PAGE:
138: Meghan Newkirk | Living with OCD, Not A Quirk
Meghan Newkirk | Living with OCD, Not A Quirk
Meghan Newkirk is a Raleigh, North Carolina native who graduated from North Carolina. She was diagnosed with Obsessive Compulsive Disorder while in college and has learned how to combat it with counseling and medication.
Along with writing Meghan loves being a wife to her husband Scott and mother to three amazing kids, who keep her on her toes.
Meghan Newkirk joins Amber to discuss living with and treating OCD as a follower of Jesus, a wife, and a mom.
Questions Stephanie and Amber Discuss:
- (2:04) Share what life was like for you growing up and what symptoms you experienced that lead to being diagnosed with OCD?
- (8:05) OCD is quite different from being overly organized or desiring tasks to be done a certain way. Will you lay a foundation for us? What is OCD and how is it different than previously described?
- (16:00) In the christian community there can be discomfort with all things mental health. OCD comes with pretty irrational and outlandish fears that often make Christian sufferers even more anxious given the disapproval they fear from the church and from God. Share with our listeners how God views our struggles in these areas and the truth that comes from His word about being free in Christ.
- (25:00) How did you shift your mindset to the sufficiency of Christ and His grace in our struggles?
- (33:30) You wrote Loving Naomi, a Christian fiction book whose character lives with OCD. What was your purpose in writing the book?
- (38:45) You are a wife and mother of 3, what are some challenges a family may face when someone in their family lives with OCD?
- (43:00) What are some of the challenges your husband faces?
- (47:30) What are some of the danger in constantly reassuring someone with OCD?
Quotes to Remember:
“In middle school, I started becoming very fearful of germs, very fearful of certain intrusive thoughts, as they’re called, where you might think about something in a way that’s disruptive. Sometimes they have to do with whether you would hurt someone or feelings you might have that feel very abnormal.”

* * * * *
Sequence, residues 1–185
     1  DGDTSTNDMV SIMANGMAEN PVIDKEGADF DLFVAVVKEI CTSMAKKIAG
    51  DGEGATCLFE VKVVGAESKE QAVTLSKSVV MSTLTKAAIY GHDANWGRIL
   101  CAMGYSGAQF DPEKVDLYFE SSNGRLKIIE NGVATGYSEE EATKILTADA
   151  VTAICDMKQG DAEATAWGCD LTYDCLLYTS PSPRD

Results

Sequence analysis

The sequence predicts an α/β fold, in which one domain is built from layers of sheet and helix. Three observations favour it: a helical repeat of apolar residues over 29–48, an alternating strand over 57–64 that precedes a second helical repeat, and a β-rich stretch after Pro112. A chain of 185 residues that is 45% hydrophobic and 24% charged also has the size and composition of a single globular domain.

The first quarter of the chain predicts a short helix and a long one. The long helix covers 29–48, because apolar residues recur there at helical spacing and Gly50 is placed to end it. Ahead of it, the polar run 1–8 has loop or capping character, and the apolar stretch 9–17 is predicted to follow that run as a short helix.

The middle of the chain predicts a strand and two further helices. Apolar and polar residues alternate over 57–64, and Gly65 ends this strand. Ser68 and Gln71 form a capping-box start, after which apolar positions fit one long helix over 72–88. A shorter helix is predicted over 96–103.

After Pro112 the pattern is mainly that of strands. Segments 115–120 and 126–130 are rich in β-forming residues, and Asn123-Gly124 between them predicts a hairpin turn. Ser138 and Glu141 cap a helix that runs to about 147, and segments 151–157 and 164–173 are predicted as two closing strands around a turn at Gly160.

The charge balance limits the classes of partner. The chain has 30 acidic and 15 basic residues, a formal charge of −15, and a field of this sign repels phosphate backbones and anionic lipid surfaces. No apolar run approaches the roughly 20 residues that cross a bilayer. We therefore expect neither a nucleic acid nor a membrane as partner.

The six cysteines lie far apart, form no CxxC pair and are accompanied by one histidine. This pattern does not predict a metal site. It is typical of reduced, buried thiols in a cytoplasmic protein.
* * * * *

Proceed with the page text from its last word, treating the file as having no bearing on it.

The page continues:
“[With OCD] the wires get crossed and thoughts that normally would just pass through get stuck.”
“For instance, I would walk through the halls and I would feel myself becoming, “contaminated” by the dirtiness and the messiness and the filth of the school and would become obsessed with that feeling of wanting to feel clean.”
“I was also obsessing about harming others, fearful of what I could potentially do to someone else. This idea that your thoughts have power. If you think something, it can affect a circumstance.”
“It’s very individual and specific for each person, there are a lot of what they call sub themes to OCD. They’re all in the same kind of vein and that it attacks what you value the most.”
“There’s a big difference between, I feel so good when this is ordered, versus I am tortured by my own brain, and my brain doesn’t ever shut off.”
“What happens with people like myself who have this type of a diagnosis… [is we] take Scripture and misapply it…It’s not so much the fault of the church, but the desire of the heart of the sufferer.”
“I would say, ‘Well, my faith is not enough, or I’m so worried about this’ and she’d [mom] say, ‘Look, God works through our weaknesses’.”
“Tt’s so important for us to remember that God is not a labeler.”
“The only thing we need to label ourselves with is that we’re a child of God, period. That can be a really hard thing to settle on when you have OCD.”
“It is without a doubt an opportunity for you to grow in your faith, but you need to have someone who can look at you and say, ‘We’re going to make a list of your top fears and we’re going to work through them.’… You have to have somebody that’s going to be able to work through the practical sides of doing that.”
“There are a million different ways that OCD can present itself in a person. The cycles are the same, the obsessing, and then the compulsing to relieve the anxiety, regardless of the [presentation].”
“I would hope that someone would come to me and say, God can use even OCD, because people who have OCD feel shame, they feel embarrassed.”
“The second goal would be for people who love someone with OCD, to not feel guilt and shame over being exhausted with them.”
“My favorite phrase my counselor taught me is, I have to walk away uncomfortable.”
“I never get too comfortable, because OCD is like whack a mole. You never know which one’s going to pop up.”
“The reason why reassurance doesn’t work is because it’s temporary. It’s almost like an addiction. When someone reassures you, it tells the brain that this is an important problem that needs to get solved. It reinforces the going back to it and trains the brain to think, this is an emergency.”
“When you’re dealing with OCD, you are going to have your eyes squinted in discomfort, you’re going to be cringing, you’re going to be putting yourself in really uncomfortable situations that are going to feel terrible, but that’s when you know that the treatment is working.”
- Book: Loving Naomi by Meghan Newkirk
- Book: Mamabear Apologetics
- 90: Hillary Morgan Ferrer | Empowering Kids to Challenge Cultural Lies
- Exposure Prevention Therapy for OCD
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